Navigating Refusals—Advice from Canadian Immigration Consultants

As a firm that provides Immigration Consulting Services in Vancouver, the team at Racer Immigration warns that one of the biggest mistakes prospective Canadians can make is waiting until their application has been refused to seek out professional help.

Navigating a refusal is always more work as it requires understanding the reason for refusal and answering these concerns when reapplying. Moreover, it’s important to realize that multiple attempts made in a short period can reduce the chances of getting to yes.

While it’s always best to work with a skilled Canadian immigration consultant or lawyer from the start, steps can be taken if an application is refused.

When someone receives a general refusal, and they do not understand the concerns of the visa officer, they should hold off on submitting another application. It’s vital to obtain the notes of the officer who refused the application and prepare a thoughtful answer in subsequent forms. To get these notes, an applicant must request the Global Case Management System or “GCMS” notes in their file. These will provide insight into the immigration officer’s concerns.

Reapplying is an opportunity to provide more information and strengthen your application. The new application should be consistent with the old one, but remember that the case will likely be looked at by a different officer—and it should stand on its own.

A reputable Canadian immigration consultant can investigate a rejection and explain your case in detail. To learn more about working with Racer Immigration, please call (778) 688-4848.

The History of Express Entry to Canada

The Canadian government recently announced the 100th Express Entry draw, inviting 400 candidates from the Federal Skilled Trades program to immigrate to Canada with their families. As a Vancouver-based immigration firm, the team at  Racer Immigration is always on the lookout for exciting opportunities for people hoping to immigrate to Canada.

Express Entry isn’t a program, but a system meant to manage the intake and processing of applications within three existing programs: Federal Skilled Worker (FSW), Canadian Experience Class (CEC), and Federal Skilled Trades (FST). Since Canadian immigration prioritizes skilled workers, the vast majority of skilled worker immigrants come through the Express Entry system.

Canada once used a first-come-first-served basis for processing applications. This resulted in slow processing times and huge backlogs. It could take some applicants years of waiting for their status to be processed. Express Entry was meant to fix these problems and streamline the process.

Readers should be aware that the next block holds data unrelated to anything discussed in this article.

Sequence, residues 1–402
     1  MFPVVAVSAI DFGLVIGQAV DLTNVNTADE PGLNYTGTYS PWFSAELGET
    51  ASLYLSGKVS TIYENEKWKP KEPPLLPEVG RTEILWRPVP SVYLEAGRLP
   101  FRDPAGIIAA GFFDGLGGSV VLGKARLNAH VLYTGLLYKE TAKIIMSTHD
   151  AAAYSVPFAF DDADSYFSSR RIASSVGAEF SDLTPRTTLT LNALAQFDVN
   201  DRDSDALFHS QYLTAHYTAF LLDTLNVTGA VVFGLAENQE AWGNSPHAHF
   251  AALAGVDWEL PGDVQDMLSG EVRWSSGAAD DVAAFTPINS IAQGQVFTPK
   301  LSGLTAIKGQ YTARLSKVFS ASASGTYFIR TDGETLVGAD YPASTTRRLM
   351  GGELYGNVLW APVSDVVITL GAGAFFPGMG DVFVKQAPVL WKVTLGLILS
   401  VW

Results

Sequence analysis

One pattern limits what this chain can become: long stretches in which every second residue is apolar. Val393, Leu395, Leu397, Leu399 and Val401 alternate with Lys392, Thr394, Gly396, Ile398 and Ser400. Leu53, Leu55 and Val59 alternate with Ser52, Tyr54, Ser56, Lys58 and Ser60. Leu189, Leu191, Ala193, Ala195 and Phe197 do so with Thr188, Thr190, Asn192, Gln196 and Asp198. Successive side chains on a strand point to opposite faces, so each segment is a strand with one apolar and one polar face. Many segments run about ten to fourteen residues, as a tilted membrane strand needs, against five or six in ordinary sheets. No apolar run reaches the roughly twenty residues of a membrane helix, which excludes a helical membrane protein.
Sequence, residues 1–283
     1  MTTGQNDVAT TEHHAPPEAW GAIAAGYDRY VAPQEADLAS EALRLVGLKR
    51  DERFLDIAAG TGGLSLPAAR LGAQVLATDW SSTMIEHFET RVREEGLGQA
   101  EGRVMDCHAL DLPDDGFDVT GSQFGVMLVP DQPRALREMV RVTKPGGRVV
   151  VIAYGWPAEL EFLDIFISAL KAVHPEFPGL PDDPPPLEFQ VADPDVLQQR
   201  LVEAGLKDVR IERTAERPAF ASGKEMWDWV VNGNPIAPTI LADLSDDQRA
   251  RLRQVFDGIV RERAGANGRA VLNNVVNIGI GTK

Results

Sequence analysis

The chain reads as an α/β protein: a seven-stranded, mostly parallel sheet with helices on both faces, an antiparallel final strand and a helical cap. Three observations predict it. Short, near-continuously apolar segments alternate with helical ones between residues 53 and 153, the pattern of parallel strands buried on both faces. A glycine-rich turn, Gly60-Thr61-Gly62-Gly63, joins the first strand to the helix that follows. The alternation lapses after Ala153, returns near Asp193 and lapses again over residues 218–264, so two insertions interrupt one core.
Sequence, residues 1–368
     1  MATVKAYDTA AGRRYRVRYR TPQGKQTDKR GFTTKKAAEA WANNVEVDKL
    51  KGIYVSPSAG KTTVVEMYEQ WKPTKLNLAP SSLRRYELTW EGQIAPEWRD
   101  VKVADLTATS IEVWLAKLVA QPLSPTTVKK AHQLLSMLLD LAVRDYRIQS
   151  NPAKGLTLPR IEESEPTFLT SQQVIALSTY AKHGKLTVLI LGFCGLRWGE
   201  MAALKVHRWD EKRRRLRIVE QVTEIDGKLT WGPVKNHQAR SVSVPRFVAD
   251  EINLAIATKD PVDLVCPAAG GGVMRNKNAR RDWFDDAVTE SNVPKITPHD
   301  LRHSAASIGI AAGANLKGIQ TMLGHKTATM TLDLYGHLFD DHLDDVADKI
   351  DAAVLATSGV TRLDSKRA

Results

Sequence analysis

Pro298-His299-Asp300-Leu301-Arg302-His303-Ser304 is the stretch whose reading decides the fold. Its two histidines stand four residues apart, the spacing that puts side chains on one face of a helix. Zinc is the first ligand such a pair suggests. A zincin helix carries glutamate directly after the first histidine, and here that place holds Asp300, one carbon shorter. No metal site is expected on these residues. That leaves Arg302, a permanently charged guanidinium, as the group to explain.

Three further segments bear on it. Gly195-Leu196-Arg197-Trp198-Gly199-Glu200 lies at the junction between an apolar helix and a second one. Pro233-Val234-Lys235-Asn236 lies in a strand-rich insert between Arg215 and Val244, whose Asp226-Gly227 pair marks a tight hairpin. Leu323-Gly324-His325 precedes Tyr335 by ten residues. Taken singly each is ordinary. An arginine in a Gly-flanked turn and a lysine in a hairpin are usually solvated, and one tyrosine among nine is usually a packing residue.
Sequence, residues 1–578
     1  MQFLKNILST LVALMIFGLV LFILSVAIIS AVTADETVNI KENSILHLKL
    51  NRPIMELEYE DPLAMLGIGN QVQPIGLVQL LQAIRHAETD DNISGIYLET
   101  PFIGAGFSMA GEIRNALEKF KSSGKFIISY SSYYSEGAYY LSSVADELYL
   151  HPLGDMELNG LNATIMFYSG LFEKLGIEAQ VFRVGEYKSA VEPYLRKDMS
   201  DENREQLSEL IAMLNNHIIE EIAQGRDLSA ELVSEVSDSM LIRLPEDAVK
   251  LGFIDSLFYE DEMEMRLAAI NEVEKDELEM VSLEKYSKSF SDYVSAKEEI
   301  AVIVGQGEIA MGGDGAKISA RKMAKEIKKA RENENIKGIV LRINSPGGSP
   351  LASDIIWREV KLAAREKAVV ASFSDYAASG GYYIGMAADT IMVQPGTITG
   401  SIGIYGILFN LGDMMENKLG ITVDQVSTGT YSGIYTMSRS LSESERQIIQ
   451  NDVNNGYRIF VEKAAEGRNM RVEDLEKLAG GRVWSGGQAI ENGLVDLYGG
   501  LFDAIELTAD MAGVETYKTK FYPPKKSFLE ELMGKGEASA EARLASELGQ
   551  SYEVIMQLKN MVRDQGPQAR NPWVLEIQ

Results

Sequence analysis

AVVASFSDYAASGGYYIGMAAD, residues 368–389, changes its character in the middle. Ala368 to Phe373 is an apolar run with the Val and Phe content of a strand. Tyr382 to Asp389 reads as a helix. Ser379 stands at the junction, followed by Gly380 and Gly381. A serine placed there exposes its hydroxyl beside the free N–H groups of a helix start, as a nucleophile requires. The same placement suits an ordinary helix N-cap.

Express Entry uses an electronic system to manage applications, and a points-based system to accept applications, allowing applications to be processed in a matter of months. An applicant creates an Express Entry profile and is assigned a Comprehensive Ranking System score (CRS). Every two weeks, an Express Entry draw is held, giving a number of people with the highest CRS scores an Invitation to Apply (ITA). The number of ITAs has increased from 31,000 in 2015 to 86,000 in 2017, and that number will most likely be topped in 2018. It should be noted that an ITA is issued to the principal applicant, but also applies to their spouse and dependent children.

Today, Express Entry is an incredibly effective system. The process was a bit slower in its first two years of operation due to the previous backlog, but in recent years 80% of the applications are processed within 4-6 months.

For those who want to learn more about Express Entry immigration to Canada, Racer Immigration is ready to help. Call (778) 688-4848 to learn more.

From Foreign Worker to Full-Fledged Canadian

As a Canadian immigration firm in Vancouver, it’s no secret that foreign workers fill many important gaps when it comes to shortages in Canada’s labour and skills market. The length of stay often varies according to the job contract, but a number of workers do seek opportunities to extend their stay and immigrate to Canada as Permanent Residents.

For those who are interested, Racer Immigration found a 2018 study by Statistics Canada that examines the time that temporary foreign workers tend to remain in the country as well as their transition to permanent resident status.

According to the study, the number of temporary workers rose in Canada from 52,000 to 310,000 between 1996 and 2015. This includes people coming to Canada through various programs, such as the Temporary Foreign Worker Program or International Mobility Program.

The study analyzed temporary foreign workers between the ages of 18 and 64 at the time of their arrival and received their work permit between 1990 and 2009. These individuals were followed for between 5 and 15 years after their admission. It was found that almost 90% of temporary foreign workers who were still in Canada after 10 years had managed to obtain permanent resident status.

For those seeking permanent residence in Canada, foreign workers’ programs can be a good start. Racer Immigration provides expert consulting and advice for people around the world. Contact (778) 688-4848 to learn more.